Priority process

Overview about the importance of a priority process for disbursement

Prioritisation is an important process in disbursement where an ecosystem determines which areas and initiatives are the most important and urgent for the ecosystem to focus on. Ecosystems benefit from being able to express their preferences on what the most impactful areas are in the ecosystem that disbursement could support with treasury assets. Good prioritisation can help with identifying the most impactful initiatives that would help with addressing the biggest problems or opportunities that exist in the ecosystem. Prioritisation of these different problems and opportunities can have a direct impact on where treasury assets get disbursed. Priority systems that help to gather and record the preferences of a community help with gathering and presenting the current sentiments and opinions of the community. This process alone can help spark further discussion and debate about what areas and initiatives are most important and potentially impactful for the ecosystem.

Treasury funds could be disbursed to a wide range of different initiatives that each have their own opportunities, risks and tradeoffs. Good prioritisation can make the difference between sustainability and growth over the long term for an ecosystem versus stagnation and decline due to poorly allocated treasury assets. Community members involved in any disbursement decisions will want to apply the available knowledge about the ecosystem to better identify and compare which problems and opportunities are the most important at that certain point in time. The priority process can provide a way for a community to express their exact preferences and opinions so that the community can better identify where alignment and compromises might be needed when disbursing limited resources.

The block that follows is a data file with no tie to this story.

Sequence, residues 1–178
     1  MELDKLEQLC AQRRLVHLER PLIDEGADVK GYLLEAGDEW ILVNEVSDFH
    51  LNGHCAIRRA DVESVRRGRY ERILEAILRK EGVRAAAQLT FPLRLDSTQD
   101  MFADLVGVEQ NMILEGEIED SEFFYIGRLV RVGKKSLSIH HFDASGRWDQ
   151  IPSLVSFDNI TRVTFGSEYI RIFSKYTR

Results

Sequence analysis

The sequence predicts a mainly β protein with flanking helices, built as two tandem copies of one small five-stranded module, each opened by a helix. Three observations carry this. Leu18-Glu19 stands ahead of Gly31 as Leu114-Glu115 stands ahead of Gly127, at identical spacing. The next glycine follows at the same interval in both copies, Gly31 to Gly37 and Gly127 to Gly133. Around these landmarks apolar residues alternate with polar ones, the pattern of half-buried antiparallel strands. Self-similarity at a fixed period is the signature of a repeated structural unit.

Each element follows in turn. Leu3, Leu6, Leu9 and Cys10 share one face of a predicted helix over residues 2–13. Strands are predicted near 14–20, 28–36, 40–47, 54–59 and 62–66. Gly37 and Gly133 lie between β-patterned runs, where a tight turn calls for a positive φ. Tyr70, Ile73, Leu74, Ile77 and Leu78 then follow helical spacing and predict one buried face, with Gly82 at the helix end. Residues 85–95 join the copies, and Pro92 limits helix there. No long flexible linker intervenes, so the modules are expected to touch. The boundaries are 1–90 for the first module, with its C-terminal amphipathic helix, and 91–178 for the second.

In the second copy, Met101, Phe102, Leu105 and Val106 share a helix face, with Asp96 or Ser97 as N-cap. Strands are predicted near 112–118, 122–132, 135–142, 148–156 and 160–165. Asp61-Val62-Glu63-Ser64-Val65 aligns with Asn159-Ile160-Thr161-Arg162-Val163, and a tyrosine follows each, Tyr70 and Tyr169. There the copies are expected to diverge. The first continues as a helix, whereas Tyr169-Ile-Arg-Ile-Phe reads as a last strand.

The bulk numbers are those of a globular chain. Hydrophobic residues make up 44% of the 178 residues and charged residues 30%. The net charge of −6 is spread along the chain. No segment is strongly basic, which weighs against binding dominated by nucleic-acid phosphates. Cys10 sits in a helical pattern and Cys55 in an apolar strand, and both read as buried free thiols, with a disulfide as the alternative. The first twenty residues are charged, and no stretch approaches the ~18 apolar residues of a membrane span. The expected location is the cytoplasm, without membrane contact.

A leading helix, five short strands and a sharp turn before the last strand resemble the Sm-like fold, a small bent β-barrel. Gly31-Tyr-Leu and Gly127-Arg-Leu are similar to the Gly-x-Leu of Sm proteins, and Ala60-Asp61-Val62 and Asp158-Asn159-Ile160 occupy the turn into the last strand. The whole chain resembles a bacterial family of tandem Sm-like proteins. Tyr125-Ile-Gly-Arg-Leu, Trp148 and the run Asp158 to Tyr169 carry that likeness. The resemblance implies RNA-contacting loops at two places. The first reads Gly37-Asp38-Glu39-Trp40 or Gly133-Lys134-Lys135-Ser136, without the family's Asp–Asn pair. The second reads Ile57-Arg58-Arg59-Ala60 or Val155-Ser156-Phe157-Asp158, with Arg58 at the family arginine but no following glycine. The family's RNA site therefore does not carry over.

Process steps

  • Identifying problems & opportunities - Problems and opportunities can be identified by digesting and analysing the available knowledge in the ecosystem. The more that the community can understand what is happening inside and outside the ecosystem and what is working well and what isn’t the more they will become well informed about the most important problems or opportunities that could be prioritised in the ecosystem.